|Gender [n, (%)] Male||88 (58)|
|Age [years] Mean ± S. D.
|68 ± 9
|Ethnicity [n, (%)] Caucasian, Non-Latino||151 (100)|
|Baseline blood pressure [mm Hg]
Systolic [mean (range)]
Diastolic [mean (range)]
| 154 (125,207)
|Diabetic [n (%)]||45(30)|
|Anti-hypertensives [number of subjects (%)]
Generic and Branded
| 136 (90)
|100 Anti-hypertensives/subject (range 2-5) [n (%)]
|Drug Class [number of subjects (%)]
Angiotensin receptor blocker
Calcium channel antagonist
| 82 (54)
Table 1: Baseline demographics, blood pressures, and classes of prescribed medications and doses before Digital Health Service use.
During two weeks of ingestible sensor use, taking adherence ranged from 53-100%, and timing adherence ranged from 21-100%. Systolic blood pressure decreased from 154 ± 13 to 145 ± 18 mmHg (mean -9.7 mmHg; 95% CI: -12.5, -7.0 mmHg, p<0.001) and diastolic blood pressure decreased from 85 ± 11 to 80 ± 12 mmHg (mean -5.0 mmHg; 95% CI: -6.5, -3.5 mmHg, p<0.001) (Figure 3).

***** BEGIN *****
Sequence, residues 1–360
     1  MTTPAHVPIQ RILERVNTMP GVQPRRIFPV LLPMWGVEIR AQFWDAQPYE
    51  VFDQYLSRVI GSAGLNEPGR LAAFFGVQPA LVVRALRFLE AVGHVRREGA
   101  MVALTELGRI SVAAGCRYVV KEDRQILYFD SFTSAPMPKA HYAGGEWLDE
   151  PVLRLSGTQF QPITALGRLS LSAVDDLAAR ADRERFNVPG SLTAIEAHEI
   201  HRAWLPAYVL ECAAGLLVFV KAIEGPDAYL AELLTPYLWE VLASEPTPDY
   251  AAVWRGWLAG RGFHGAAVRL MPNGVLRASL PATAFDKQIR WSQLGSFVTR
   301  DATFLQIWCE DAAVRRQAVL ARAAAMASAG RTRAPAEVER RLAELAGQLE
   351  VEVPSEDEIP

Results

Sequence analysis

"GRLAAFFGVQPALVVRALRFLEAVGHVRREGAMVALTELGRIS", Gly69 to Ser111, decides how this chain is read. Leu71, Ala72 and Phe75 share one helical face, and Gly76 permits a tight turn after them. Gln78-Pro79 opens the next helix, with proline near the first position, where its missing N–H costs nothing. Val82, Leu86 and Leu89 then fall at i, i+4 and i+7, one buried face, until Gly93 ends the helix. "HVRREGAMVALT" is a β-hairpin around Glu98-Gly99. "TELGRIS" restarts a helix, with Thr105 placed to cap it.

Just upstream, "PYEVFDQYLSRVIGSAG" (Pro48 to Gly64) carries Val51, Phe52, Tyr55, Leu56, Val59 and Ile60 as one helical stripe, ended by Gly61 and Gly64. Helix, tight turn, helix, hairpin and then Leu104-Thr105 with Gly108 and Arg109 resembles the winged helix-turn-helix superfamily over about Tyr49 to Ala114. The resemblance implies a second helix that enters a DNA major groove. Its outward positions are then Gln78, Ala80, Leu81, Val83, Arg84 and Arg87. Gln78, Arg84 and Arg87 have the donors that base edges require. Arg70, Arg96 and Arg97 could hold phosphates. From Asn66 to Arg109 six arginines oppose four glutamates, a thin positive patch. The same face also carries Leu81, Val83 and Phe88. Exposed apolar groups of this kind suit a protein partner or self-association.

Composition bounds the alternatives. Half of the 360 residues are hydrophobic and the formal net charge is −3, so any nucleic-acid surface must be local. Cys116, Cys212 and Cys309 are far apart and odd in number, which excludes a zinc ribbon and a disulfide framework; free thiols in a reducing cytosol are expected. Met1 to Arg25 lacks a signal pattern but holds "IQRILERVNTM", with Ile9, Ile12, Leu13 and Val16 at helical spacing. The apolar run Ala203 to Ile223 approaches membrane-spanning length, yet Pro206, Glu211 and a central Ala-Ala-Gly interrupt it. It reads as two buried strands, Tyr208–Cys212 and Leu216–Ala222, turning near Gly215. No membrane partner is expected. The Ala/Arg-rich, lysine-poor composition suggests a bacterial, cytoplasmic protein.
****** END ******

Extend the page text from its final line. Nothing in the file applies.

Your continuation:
Thirty-two percent (32%) of registry participants were found to be capable of achieving blood pressure control using their chronically prescribed medications. Secondary categorical analyses revealed that 40% of subjects without diabetes achieved blood pressure control, compared to 12% of subjects with diabetes. No correlations between comorbidities and inadequate anti-hypertensive use were found. There was also no correlation found between anti-hypertensive drug class and the root cause for persistent hypertension, with the exception of beta-blockers: 71% of patients who were prescribed beta-blockers had pharmacological resistance versus 51% who were not prescribed betablockers.